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Two Twelfth-Century Couples: Heloise and Abelard of France and Li Qingzhao and Zhao Mingcheng of China

Niki LaMontagne

Contents of Curriculum Unit 07.02.05:

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Born roughly eighteen years and thousands of miles apart two women encounter the same thing, love. It is neither age nor location that differentiates these two people, but their perspective on relationships. Heloise (1100/1101-1163/1164) and Li Qingzhao (1804?-1151?) are two women born into societies that are rapidly transforming during the twelfth century. Li Qingzhao uses poetry and Heloise letters to reflect their feelings. Their husbands play an integral role in these women's lives. The purpose of the unit will be to assist ninth grade world history students in synthesizing and evaluating information about European and Chinese culture, and the role of women in these cultures using the historical characters Heloise, Li Qingzhao and their famed lovers.

As a first year teacher in New Haven, CT I have encountered many challenges. Some people would consider my background a challenge. I am the product of a middle-class upbringing in a two-parent home in rural Vermont. It was not until I was eighteen, when I went away to college, did I encounter anyone unlike myself. At 21, I began to fully immerse myself in the New Haven Public School system and interact with people in a multicultural environment. The lack of diversity in my education, coupled with the multitude of ethnicities amongst my students has compelled me to create a unit that garners students' attention for cultures unlike their own, yet assist the students in creating the ability to make a personal connection to the new cultures.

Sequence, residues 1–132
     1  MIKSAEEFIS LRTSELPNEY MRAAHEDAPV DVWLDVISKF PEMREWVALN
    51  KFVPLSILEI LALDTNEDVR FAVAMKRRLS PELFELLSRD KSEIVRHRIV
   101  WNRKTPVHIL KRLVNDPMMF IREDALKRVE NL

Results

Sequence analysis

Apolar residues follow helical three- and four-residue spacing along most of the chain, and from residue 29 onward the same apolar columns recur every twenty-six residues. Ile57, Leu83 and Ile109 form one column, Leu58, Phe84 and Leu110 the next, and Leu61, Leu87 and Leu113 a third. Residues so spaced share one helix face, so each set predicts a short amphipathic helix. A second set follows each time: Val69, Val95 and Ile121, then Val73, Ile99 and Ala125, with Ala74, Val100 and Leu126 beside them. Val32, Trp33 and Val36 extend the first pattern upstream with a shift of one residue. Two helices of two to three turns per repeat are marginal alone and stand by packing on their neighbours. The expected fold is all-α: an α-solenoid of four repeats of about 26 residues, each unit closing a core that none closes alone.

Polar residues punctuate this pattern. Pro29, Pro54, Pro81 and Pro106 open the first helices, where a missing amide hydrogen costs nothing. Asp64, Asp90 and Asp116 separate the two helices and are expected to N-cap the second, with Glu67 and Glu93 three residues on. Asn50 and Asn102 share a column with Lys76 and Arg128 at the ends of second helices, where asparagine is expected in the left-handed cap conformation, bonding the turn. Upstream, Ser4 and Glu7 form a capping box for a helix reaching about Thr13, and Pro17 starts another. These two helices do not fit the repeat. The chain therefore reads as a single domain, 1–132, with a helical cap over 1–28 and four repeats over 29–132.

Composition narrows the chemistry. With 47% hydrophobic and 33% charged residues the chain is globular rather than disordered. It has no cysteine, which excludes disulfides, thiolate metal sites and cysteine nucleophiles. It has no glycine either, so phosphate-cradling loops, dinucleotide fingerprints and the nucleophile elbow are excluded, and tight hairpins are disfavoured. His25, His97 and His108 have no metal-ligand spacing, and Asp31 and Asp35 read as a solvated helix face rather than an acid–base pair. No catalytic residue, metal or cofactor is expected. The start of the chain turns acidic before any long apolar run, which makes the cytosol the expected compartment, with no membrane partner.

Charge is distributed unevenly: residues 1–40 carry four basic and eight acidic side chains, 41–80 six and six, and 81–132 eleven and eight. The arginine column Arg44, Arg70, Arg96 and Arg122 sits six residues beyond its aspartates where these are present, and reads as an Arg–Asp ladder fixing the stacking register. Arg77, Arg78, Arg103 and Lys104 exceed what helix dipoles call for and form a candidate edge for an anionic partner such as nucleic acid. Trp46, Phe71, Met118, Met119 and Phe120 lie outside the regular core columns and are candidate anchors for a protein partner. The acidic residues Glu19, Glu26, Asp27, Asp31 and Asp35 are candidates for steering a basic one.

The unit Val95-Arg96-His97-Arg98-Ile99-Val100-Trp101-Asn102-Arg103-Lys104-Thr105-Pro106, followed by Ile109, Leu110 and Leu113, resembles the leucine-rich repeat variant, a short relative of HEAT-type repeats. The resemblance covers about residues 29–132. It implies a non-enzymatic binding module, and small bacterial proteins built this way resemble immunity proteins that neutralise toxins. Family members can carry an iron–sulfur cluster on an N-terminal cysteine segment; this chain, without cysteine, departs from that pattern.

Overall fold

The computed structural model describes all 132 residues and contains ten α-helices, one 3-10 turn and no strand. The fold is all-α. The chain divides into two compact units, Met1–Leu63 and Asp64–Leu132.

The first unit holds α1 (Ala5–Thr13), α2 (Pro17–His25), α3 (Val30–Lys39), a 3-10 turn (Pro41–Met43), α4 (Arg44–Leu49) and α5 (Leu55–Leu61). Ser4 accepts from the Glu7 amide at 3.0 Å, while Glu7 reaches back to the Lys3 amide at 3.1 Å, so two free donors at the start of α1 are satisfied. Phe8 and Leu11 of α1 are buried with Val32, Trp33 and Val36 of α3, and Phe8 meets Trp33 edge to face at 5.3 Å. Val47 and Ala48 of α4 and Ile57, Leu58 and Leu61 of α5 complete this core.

The demographics of Hill Regional Career High School in New Haven, CT, where I teach ninth grade World Civilizations, is heterogeneously composed of student's ethnicities and academic abilities. Career High School is a magnet school that attracts students from both urban and suburban settings. According to the Strategic School Profile, Career High's student body is 53.2% Black, 25.1% Hispanic, and 17.5% White, and 4.2% Asian. The students in my two World Civilization classes reflect the school's demographics. Coincidentally, my student's academic abilities are just as diverse as their ethnicities.

My World Civilization students struggle academically in a few specific areas. My students have difficulty reading for information. Too often, my students will read anything from a few paragraphs to a few pages and find it difficult to relay verbally and/or in writing the contents of their reading. In my classroom the students have been presented with readings from their textbook and primary source documents such as poems and short stories. Frequently, I will have to rephrase their readings, offer synonyms for certain vocabulary words, and draw connections to past lessons and present day situations. I believe the group and individual reading of the letters, as well as the letter writing using the "voice" of the historical characters, as well their own will help improve the students' comprehension of the material.

This unit will help my students develop the ability to focus on a variety of tasks for an 82-minute block schedule. The long periods pose a hurdle for many thirteen and fourteen year old students who have not encountered this form of scheduling in their middle schools. The longer class periods allow students to delve into great depth with the unit material, but the unit must compose the classroom activities in a manner where the students will transition between whole group, small group, and individual instruction in order to maintain maximum attention from the students. The unit can also be applicable to schools with shorter class periods by dividing the discussion and activity materials into smaller amounts.

In my unit I intend to address the issues of engaging students in a meaningful, interesting manner that strengthens their comprehension skills and heightens their appreciation for cultures unlike their own. The focus of this unit is on the investigation of the role of two women in their relationships through the use of narratives. Too often history texts give a few paragraphs to the role of women, while chapter upon chapter focus on the triumphs of men. One reason why women may be relegated to a minority position in textbooks is the absence of knowledge about particular women in certain time periods. That is why, with this unit, the students will analyze the material found on these women. As historians and students, they may not know everything about Heloise and Li Qingzhao, but the students will, through the planned activities be able to synthesize and evaluate the given material.